Video: Using the 𝑛th-Term Test to Determine Whether a Series Is Divergent and Determining When the Test Fails

Using the 𝑛th term test, determine whether the series βˆ‘_{𝑛 = 0} ^{∞} 𝑛/(𝑛² + 1) is divergent or the test fails.

02:35

Video Transcript

Using the 𝑛th term test, determine whether the series the sum of 𝑛 over 𝑛 squared plus one from 𝑛 equals zero to infinity is divergent or the test fails.

Remember, the 𝑛th term test for divergence says that if the limit as 𝑛 approaches infinity of π‘Žπ‘› does not exist or if the limit is not equal to zero, then the series the sum of π‘Žπ‘› from 𝑛 equals one to infinity is divergent. We also recall that if the limit is equal to zero, we can’t tell whether the series converges or diverges and we say that the test fails.

Now notice the sum in our question is from 𝑛 equals zero to infinity, as opposed to from 𝑛 equals one to infinity. In practice, this doesn’t really matter. We’re looking for absolute divergence, essentially what’s happening to the series as 𝑛 gets larger and larger. And if we look carefully, we see that when 𝑛 equals zero, our first term is also zero. So we can split this into zero plus the sum from 𝑛 equals one.

In our case then, we’re going to let π‘Žπ‘› be equal to 𝑛 over 𝑛 squared plus one. And we’re going to evaluate the limit as 𝑛 approaches infinity of 𝑛 over 𝑛 squared plus one. And when evaluating a limit, we should always check whether we can use direct substitution. In this case, if we were to substitute 𝑛 equals infinity into the expression, we get infinity over infinity, which we know to be indeterminate. So instead, we look for a way to manipulate the expression 𝑛 over 𝑛 squared plus one. We do so by dividing both the numerator and denominator by 𝑛 squared.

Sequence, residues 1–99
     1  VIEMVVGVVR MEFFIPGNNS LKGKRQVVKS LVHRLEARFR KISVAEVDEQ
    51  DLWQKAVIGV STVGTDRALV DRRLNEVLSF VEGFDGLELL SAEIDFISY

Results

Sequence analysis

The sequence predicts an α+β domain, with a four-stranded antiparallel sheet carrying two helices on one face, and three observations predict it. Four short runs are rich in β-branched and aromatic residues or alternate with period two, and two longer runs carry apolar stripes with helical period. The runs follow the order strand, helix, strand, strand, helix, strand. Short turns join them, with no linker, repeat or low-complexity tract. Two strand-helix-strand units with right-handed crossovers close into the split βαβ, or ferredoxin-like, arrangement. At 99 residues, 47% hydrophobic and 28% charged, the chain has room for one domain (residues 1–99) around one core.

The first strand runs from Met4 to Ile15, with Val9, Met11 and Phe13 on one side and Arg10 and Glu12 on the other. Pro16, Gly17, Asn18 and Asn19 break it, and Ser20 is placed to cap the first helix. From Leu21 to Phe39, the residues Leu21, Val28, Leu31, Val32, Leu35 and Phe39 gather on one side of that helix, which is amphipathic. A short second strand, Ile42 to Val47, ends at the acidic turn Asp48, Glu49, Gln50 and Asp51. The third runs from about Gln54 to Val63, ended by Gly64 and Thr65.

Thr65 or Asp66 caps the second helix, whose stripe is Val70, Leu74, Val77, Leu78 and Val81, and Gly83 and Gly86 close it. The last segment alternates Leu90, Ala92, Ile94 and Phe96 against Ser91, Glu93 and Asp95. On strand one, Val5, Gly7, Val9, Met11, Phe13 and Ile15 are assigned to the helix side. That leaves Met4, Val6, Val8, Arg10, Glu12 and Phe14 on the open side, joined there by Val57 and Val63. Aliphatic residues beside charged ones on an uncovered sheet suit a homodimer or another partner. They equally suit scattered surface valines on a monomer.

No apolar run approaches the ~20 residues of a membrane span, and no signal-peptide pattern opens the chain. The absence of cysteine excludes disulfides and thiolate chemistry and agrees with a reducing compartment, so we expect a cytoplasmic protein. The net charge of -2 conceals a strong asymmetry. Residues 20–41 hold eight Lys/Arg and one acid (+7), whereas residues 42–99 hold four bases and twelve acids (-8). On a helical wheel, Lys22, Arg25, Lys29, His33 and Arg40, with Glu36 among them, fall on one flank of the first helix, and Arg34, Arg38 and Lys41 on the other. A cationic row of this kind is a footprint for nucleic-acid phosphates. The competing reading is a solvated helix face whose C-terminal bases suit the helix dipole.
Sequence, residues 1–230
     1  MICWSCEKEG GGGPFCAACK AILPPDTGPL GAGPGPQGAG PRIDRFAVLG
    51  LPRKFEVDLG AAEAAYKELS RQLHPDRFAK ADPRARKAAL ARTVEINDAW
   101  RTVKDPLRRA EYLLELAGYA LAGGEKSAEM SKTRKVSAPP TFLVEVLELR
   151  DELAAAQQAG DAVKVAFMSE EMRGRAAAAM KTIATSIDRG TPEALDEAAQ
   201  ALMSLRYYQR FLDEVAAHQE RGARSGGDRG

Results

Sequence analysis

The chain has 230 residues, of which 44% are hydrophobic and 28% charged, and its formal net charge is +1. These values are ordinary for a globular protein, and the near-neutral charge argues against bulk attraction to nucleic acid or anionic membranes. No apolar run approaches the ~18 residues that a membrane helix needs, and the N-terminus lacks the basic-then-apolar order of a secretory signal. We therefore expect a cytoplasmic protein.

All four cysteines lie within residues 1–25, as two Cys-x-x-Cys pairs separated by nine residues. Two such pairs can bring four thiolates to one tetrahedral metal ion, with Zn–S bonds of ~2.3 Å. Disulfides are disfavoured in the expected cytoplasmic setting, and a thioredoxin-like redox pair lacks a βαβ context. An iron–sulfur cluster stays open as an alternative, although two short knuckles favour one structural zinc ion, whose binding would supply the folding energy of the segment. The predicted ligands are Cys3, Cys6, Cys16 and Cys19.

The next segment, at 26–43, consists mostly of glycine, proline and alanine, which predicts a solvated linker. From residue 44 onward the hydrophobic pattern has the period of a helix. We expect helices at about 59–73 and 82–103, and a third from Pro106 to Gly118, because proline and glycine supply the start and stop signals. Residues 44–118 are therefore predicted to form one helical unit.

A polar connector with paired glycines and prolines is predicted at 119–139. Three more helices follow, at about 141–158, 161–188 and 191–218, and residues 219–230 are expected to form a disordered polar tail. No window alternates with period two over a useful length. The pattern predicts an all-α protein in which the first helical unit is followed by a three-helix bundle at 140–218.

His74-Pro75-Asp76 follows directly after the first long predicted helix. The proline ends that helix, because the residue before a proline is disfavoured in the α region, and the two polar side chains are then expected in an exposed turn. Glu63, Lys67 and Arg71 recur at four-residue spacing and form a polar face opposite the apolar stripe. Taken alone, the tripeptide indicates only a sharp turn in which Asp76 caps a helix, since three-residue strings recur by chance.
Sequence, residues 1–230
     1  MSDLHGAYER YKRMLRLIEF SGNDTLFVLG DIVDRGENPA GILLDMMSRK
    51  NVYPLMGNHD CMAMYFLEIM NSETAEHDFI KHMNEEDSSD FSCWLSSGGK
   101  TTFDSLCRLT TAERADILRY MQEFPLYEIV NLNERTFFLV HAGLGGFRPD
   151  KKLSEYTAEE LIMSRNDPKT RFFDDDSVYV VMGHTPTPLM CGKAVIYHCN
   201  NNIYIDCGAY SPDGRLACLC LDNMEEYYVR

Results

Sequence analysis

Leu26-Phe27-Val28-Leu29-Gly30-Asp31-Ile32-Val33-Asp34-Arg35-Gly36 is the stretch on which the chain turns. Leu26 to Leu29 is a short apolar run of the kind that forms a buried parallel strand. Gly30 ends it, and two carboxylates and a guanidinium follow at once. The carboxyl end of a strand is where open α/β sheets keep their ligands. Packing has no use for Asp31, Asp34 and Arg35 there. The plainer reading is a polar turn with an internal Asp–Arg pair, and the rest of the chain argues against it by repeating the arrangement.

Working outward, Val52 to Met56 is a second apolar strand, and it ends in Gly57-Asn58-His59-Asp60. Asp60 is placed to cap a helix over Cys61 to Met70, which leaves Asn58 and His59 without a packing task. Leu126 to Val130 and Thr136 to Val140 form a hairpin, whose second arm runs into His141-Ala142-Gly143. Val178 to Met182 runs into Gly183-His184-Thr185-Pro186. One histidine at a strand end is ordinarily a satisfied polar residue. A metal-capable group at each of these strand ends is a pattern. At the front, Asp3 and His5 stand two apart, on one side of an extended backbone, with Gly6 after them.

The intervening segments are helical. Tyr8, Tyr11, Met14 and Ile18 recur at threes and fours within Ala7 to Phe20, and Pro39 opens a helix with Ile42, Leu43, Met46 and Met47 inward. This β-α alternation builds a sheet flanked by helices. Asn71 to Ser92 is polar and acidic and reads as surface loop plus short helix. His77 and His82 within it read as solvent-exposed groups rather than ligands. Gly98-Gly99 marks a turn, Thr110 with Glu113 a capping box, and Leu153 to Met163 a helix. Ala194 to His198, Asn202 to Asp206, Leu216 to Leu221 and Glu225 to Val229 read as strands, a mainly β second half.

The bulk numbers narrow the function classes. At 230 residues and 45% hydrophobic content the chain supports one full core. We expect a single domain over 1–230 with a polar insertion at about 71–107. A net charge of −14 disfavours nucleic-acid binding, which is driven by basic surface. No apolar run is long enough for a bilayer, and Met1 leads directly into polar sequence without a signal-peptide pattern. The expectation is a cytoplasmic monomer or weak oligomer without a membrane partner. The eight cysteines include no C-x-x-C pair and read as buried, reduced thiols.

Remember, we can do this as it creates an equivalent fraction. And we choose 𝑛 squared as it’s the highest power of 𝑛 in our denominator. So we get the limit as 𝑛 approaches infinity of 𝑛 over 𝑛 squared over 𝑛 squared over 𝑛 squared plus one over 𝑛 squared. This simplifies to the limit as 𝑛 approaches infinity of one over 𝑛 over one plus one over 𝑛 squared.

We’re then going to use the division law for limits. This says that the limit as π‘₯ approaches π‘Ž of 𝑓 of π‘₯ over 𝑔 of π‘₯ is equal to the limit as π‘₯ approaches π‘Ž of 𝑓 of π‘₯ over the limit as π‘₯ approaches π‘Ž of 𝑔 of π‘₯. And that’s provided the limits exist and the limit of 𝑔 of π‘₯ is not equal to zero. And so this becomes the limit as 𝑛 approaches infinity of one over 𝑛 over the limit as 𝑛 approaches infinity of one plus one over 𝑛 squared.

And we can now substitute 𝑛 equals infinity into this expression. As 𝑛 gets larger, one over 𝑛 gets smaller. Ultimately, it approaches zero. Similarly, as 𝑛 gets larger, one over 𝑛 squared also approaches zero. And so our limit becomes zero over one plus zero, which is of course simply zero. And so since the limit as 𝑛 approaches infinity of π‘Žπ‘› is equal to zero, we see that the test fails.

Nagwa uses cookies to ensure you get the best experience on our website. Learn more about our Privacy Policy.